Even the most ethical superheroes occupy a position outside of the order of law simply by virtue of their heightened powers. Critics usually see Superman as one of the least engaging superheroes precisely because of his probity and absence of any dark side to his character.[3] Unlike other superheroes, Superman almost never violates the law — except perhaps with indecent exposure in phone booths — in order to uphold the legal order. But he does, as in Richard Donner’s original Superman: The Movie (1978), violate the laws of the universe, causing the earth to spin backwards and time to reverse itself in order to save Lois Lane (Margot Kidder). Donner's film presents this act as a moment of ethical crisis because it reveals Superman’s exceptional relation to law and the way that his superpowers placs him at odds with the law's limited and limiting nature. The uneasiness of the superhero’s — and, in fact, that of the hero as such — coexistence with the law prompts German philosopher G. W. F. Hegel to see them as antithetical.

Hegel lived through the French Revolution and his thought was shaped by it. Through the experience of revolution, he saw that modernity possessed the capacity for radical change but lacked the philosophical space for thinking of a hero as the agent of that change. As a result, though the philosopher was unacquainted with Superman, Hegel thought a great deal about the phenomenon that Superman represents. In Hegel's aesthetic philosophy, he distinguishes between a heroic age and the era of legal order. In the latter era of legal order, ethical activity is realized through the laws of the state rather than through individual action. Though laws can be unjust and we may have to change them, our ethical activity occurs within the law rather than outside it once a legal order has been established. The legal order thus leaves no room for the hero, the figure who acts outside of the law’s constraint. Heroism is antithetical to law because it always serves to constitute its own law even if it doesn’t mean to do so. For the hero, as Hegel puts it,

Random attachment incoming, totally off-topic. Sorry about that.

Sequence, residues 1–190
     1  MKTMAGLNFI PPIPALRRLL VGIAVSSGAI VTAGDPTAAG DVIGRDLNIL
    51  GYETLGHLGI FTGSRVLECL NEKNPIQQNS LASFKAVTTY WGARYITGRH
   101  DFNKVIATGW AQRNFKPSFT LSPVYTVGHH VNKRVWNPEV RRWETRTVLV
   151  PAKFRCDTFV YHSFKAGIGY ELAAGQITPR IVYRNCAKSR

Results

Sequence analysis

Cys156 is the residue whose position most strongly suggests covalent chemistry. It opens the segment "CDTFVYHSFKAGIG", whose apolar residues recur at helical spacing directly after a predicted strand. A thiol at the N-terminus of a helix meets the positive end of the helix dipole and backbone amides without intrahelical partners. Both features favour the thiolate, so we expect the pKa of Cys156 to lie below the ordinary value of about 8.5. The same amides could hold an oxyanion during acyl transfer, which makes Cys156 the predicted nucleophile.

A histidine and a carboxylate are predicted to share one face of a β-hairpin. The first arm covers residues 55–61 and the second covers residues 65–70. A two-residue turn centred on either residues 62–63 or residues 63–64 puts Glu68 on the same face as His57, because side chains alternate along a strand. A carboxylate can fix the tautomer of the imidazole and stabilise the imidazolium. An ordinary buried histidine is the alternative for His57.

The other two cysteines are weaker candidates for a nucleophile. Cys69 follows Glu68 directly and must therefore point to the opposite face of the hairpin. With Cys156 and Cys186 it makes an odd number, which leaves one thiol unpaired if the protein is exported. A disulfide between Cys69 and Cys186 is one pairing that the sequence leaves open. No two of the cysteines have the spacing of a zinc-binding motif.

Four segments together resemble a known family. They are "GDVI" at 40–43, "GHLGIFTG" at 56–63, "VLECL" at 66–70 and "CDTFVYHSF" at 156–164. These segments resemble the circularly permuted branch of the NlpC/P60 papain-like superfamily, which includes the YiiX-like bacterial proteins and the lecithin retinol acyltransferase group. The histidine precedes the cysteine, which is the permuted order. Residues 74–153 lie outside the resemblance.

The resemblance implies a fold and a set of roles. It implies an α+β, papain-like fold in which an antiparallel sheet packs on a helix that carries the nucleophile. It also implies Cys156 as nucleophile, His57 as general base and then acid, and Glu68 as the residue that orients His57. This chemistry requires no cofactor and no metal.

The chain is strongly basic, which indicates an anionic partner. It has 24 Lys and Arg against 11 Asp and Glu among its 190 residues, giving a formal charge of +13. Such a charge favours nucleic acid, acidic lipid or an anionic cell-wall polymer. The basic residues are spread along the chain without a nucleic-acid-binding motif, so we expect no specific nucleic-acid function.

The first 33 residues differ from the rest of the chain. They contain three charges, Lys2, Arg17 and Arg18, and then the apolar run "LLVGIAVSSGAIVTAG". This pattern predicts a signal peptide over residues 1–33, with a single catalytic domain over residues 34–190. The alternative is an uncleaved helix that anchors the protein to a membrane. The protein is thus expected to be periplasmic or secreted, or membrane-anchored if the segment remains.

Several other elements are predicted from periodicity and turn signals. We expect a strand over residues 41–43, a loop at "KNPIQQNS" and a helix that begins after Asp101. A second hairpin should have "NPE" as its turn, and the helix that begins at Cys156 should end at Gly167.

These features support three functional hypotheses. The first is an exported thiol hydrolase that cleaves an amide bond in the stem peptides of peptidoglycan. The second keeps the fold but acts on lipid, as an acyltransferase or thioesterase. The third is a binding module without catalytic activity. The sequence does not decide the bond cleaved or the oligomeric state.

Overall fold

“Individuality is a law unto itself, without being subjected to an independently subsisting law, judgement, and tribunal.”[4]

In the context of legal order, the hero’s activity would become criminality, and there would be no way to differentiate it from evil. This is why Hegel rejects the idea of a modern hero. Such a figure fails to see how the private morality that it proffers as an alternative or as a supplement to the legal order is already included within that order. As a result of its structural incompatibility, the hero’s activity will have the effect of undermining the law even if it is done to supplement the law. But a problem remains: Left to itself the law cannot arrive at justice, and the persistence of injustice within the legal order leads to a demand for the hero and for an heroic exception to the law.[5]

Using Batman, not Superman, as the protagonist, Christopher Nolan’s The Dark Knight (2008) takes this problem posed by the hero and the hero’s exceptional status in relation to the law as its overriding concern. The title for the film (though not the plot) derives from Frank Miller’s 1986 graphic novel series Batman: The Dark Knight Returns, and it provides a less idealizing portrait of Batman than those developed previously. The film is not simply, however, a critique of heroic exceptionality. The film's universe makes clear the need for an exception to the law. Without Batman (Christian Bale) providing extra-legal assistance to Police Lieutenant James Gordon (Gary Oldman), the crime lords that menace Gotham would render the city uninhabitable. Even with Batman’s help, the film’s ominous and brooding mise-en-scène reveals the extent to which criminality sets the tone for life there. Unlike Nolan’s earlier film Batman Begins (2005), in which Gotham appears as a futuristic city despite its crime problem, here crime shapes the look and feel of the city as grim. Buildings stand in disrepair; people’s dress is generally disheveled; and even daytime scenes occur under dark skies.